What's the point of money?
Money is never just maths. Sure, we can weigh interest rates and make decisions on whether it is better to invest or pay the mortgage off sooner, or zero in on which credit card to pay off first because it’s costing us more. But it’s really not only about running the numbers.
It’s about wellbeing. And our money choices this year can go a long way towards dialling that up.
Once, in a more idealistic phase, I felt like I had it all figured out. We were raising funds for Africa with our youth group, and faced with the world’s overwhelming inequalities, we brainstormed some ideas. Most revolved around a can of Coke.
We started with the classic concept of giving something up ourselves to give more to others: we’d ask people to skip a Coke and donate the dollar or so it cost. Change behaviour, make the world better, all at once.
(Reminds me of all the advice to skip lattes to save for retirement.)
But then we hatched another plan: take advantage of the drink’s popularity and sell it. But this time, instead of the $1 a can, we would adjust the price based on what it would cost in various countries around the world, taking into account the average salary and local cost of a single Coke.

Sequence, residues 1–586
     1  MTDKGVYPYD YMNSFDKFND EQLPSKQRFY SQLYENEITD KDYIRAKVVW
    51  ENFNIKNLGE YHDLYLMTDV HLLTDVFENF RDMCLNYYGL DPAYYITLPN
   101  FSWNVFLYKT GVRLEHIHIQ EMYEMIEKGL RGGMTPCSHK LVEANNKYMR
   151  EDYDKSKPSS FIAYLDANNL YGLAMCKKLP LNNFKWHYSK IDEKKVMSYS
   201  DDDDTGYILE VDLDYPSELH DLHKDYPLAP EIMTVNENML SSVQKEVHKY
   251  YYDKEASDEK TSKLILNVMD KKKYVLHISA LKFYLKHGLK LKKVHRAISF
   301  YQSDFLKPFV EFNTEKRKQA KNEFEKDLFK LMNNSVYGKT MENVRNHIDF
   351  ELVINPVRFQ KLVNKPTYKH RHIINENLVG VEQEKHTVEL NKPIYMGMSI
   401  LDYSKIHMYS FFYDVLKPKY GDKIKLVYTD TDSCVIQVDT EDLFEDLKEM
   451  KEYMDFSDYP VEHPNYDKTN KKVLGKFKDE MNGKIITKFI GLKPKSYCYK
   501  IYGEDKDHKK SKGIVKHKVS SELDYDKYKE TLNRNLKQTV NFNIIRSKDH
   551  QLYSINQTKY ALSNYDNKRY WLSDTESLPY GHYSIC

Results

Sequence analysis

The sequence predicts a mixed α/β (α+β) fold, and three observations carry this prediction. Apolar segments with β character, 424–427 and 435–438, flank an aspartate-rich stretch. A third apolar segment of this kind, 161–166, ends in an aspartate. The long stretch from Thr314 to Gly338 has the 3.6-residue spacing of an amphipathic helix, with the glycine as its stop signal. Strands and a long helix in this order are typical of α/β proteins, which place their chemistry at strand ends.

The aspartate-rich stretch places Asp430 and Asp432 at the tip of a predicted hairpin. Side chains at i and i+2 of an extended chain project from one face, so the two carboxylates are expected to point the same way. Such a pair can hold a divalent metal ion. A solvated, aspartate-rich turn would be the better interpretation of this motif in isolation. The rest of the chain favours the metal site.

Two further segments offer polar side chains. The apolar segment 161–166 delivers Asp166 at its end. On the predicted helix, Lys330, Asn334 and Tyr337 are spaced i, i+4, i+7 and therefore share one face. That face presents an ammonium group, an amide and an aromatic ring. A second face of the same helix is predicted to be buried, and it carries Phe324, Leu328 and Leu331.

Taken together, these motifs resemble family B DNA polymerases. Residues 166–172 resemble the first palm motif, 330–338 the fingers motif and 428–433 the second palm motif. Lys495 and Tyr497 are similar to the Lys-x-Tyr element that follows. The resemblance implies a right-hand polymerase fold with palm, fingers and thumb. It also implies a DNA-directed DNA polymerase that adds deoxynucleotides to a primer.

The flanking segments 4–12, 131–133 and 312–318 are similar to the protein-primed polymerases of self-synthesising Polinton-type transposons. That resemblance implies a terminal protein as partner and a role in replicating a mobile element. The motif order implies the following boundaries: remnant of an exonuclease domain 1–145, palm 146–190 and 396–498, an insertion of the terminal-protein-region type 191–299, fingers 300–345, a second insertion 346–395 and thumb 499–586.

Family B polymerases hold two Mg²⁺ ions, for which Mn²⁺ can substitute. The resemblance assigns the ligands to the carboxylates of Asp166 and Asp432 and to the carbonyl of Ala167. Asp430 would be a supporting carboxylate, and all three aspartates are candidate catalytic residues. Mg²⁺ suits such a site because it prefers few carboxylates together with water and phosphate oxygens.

So for example, we were selling “Argentinian Cokes” at $11 a pop. The difference of $10 would go to charity. The most expensive one, if I remember right, was a “Burundian Coke”, which came in at a whopping $21. (A couple of us pitched in and shared one.)
We thought that perhaps we could also get across how we good we have things in contrast to other parts of the world – we only have to pay $1 but they have to sacrifice much more for a hit. We were also attempting to harness the market and sales mentality (and of course our penchant for drinking bubbly, coloured, sugar water) for something good.
In terms of maths, the fundraising idea worked to raise several thousand dollars. In terms of wellbeing, the money was able to increase that meaningfully for some people overseas. I had high hopes.
But in terms of our own experience, now I wonder if that original idea of skipping a can and donating the $1 would have done us fundraisers more good health-wise. Financially too, provided we could have donated the cost of producing the Coke and even the cost of recycling the can.
It’s hard to know. But one thing’s for sure: it was far easier to harness behaviours than try to change them. (It’s darn hard to dissuade people, much less ourselves, from cracking open a cold Coke.)
So how do we take what we’re already doing right and do more of it?
One thing that helps is a plan. When incomes are the same, research has shown that those with a plan save about twice as much as those who don’t have one. The trouble is, most of us start yawning when we hear the word “plan” – so let’s call it a recipe, a game strategy, a purpose.
Planning is about finding that purpose.
What will be the point of your money this year? The aim is to drive up wellbeing, both now and over the long term. May our financial goals – and the many money choices we’ll make – achieve just that.